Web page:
UC Rusal produced an 3D-printed aluminum casing, which has been successfully implemented in a Yarilo satellite launched into space in 2020. The satellite’s mission is to explore and monitor the sun and weather variations in space.
The development of the 3D-printed thermoregulatory casings was a joint project carried out by Rusal’s Institute of Light Materials and Technologies (ILM&T), the Bauman Moscow State Technical University, the Lebedev Physical Institute of the Russian Academy of Sciences, and the Institute of Nuclear Physics of Moscow State University.
The thermoregulatory casing of the gamma-ray detector is a critical component of the satellite, preventing overheating of the main equipment and ensuring its stable operation. The design of the casing was based on a new aluminum powder alloy developed by specialists at the ILM&T. The RS-333 aluminum powder alloy provides a solution for the issue of low technological efficiency when printing with aluminum alloys, ligated by magnesium and silicon. These alloys, meanwhile, have good thermal conductivity and high solidity.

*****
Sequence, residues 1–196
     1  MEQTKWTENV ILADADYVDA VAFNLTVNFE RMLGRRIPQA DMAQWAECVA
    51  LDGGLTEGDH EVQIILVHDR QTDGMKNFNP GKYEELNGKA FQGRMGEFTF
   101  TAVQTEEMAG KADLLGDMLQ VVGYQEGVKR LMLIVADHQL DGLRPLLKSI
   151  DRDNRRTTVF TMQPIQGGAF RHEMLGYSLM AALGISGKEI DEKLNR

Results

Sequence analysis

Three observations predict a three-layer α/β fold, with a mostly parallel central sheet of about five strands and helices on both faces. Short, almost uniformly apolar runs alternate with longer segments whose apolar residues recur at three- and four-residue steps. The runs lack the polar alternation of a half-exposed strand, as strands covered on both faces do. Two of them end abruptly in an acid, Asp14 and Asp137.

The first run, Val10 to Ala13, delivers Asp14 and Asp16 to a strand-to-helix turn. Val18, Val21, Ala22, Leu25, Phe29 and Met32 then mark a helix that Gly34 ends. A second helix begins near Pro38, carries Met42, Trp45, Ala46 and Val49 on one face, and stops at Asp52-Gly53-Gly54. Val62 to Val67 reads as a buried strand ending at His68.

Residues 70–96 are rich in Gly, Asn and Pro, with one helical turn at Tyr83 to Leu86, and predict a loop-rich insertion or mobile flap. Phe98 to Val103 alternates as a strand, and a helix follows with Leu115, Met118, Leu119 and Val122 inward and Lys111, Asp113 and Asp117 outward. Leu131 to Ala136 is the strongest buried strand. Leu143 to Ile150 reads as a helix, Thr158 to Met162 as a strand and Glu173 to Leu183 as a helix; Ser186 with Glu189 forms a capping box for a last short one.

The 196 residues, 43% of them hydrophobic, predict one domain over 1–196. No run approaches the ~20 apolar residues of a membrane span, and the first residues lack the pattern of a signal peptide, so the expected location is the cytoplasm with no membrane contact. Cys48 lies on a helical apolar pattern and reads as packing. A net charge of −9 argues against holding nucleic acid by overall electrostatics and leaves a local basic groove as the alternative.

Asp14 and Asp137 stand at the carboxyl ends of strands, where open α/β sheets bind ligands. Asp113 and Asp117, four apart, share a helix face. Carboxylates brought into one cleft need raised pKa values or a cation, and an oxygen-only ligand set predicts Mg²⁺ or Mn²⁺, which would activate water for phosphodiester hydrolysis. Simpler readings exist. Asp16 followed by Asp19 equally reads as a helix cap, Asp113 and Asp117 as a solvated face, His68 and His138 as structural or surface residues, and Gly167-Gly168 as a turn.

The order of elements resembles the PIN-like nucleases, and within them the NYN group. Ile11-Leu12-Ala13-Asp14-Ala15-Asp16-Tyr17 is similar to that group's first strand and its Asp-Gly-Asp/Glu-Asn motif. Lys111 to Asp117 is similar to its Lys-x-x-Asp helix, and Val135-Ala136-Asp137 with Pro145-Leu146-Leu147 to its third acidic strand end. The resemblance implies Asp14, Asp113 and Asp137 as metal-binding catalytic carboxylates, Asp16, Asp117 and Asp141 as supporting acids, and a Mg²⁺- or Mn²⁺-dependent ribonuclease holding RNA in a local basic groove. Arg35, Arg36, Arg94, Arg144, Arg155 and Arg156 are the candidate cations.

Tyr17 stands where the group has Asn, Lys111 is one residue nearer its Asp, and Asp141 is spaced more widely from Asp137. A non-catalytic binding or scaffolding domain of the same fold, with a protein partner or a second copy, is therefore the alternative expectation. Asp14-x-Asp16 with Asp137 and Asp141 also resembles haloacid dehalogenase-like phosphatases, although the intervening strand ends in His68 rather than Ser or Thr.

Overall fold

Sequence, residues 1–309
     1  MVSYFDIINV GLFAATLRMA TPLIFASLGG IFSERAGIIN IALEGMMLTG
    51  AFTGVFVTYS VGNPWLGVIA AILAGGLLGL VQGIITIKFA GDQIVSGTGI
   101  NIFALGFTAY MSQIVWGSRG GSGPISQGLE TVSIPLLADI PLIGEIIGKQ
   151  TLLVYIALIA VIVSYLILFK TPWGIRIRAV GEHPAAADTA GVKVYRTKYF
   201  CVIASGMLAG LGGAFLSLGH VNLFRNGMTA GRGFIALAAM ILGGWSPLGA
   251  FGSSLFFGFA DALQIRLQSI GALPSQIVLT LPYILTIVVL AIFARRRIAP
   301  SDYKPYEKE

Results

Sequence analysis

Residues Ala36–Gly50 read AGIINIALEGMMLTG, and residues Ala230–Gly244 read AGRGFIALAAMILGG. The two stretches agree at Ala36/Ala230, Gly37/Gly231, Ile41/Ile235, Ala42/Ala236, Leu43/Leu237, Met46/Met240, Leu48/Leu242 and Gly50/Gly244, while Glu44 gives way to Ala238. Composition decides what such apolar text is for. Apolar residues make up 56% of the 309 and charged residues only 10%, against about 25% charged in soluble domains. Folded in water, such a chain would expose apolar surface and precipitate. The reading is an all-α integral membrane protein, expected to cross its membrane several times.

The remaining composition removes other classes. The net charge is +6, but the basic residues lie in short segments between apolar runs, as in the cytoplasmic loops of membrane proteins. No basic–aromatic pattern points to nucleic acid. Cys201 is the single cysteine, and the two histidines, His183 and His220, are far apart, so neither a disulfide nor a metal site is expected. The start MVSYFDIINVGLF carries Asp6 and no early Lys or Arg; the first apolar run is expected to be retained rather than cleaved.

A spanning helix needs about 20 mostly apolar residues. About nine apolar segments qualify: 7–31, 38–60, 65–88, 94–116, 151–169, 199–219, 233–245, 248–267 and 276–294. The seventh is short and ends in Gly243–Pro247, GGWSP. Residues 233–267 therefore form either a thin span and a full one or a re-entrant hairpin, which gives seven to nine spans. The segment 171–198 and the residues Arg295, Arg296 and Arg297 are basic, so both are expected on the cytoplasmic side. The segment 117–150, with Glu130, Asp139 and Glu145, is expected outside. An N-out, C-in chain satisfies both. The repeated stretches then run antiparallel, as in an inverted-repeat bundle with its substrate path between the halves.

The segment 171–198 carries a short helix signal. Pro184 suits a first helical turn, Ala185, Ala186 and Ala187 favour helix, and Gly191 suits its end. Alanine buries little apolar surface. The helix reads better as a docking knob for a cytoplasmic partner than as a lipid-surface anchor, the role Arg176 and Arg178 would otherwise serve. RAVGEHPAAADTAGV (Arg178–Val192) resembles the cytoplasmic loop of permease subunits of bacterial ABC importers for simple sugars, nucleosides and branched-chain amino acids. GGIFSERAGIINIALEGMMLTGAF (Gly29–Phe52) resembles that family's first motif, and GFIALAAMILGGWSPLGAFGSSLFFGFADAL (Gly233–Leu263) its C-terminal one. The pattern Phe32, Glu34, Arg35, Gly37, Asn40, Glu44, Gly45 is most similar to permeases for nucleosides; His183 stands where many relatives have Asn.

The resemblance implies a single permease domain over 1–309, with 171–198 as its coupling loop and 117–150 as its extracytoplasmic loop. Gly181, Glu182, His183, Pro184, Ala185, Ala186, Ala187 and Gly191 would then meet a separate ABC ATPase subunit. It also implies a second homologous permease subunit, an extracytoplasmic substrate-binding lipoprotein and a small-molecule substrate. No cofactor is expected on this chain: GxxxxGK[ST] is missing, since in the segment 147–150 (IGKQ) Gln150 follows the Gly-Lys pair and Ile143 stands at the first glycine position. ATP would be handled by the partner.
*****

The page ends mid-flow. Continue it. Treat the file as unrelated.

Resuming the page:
Based on this alloy, the Skolkovo Institute of Science and Technology developed and optimized the component for 3D-printing, ensuring that the casing provides the temperature regulation required for it to effectively function. The casing was then 3D-printed in the Additive Production Centre at the ILM&T.
Following ground tests, the 3D-printed casing was then installed onto one of the two Yarilo research satellites. Operation in space has demonstrated that the new net structure of the casing produced with a new high-heat-conducting alloy achieved through 3D printing allowed a 20% weight reduction. It also achieved a 25% increase in heat flow, which is the main indicator of the effectiveness of parts involved in thermal regulation.
“Testing additive technologies in space is a unique opportunity to showcase the prospects and reliability of using aluminum alloys and 3D printing in creating such an important node, on which the stable functioning of the entire unit depends,” said Victor Mann, chief technical officer at Rusal. “We are confident that this experience will be useful not only for expanding the implementation of 3D-printed parts in scientific research, but also for practical application in numerous high-tech industries such as automotive, computer manufacturing, home appliances, and mechanical engineering.”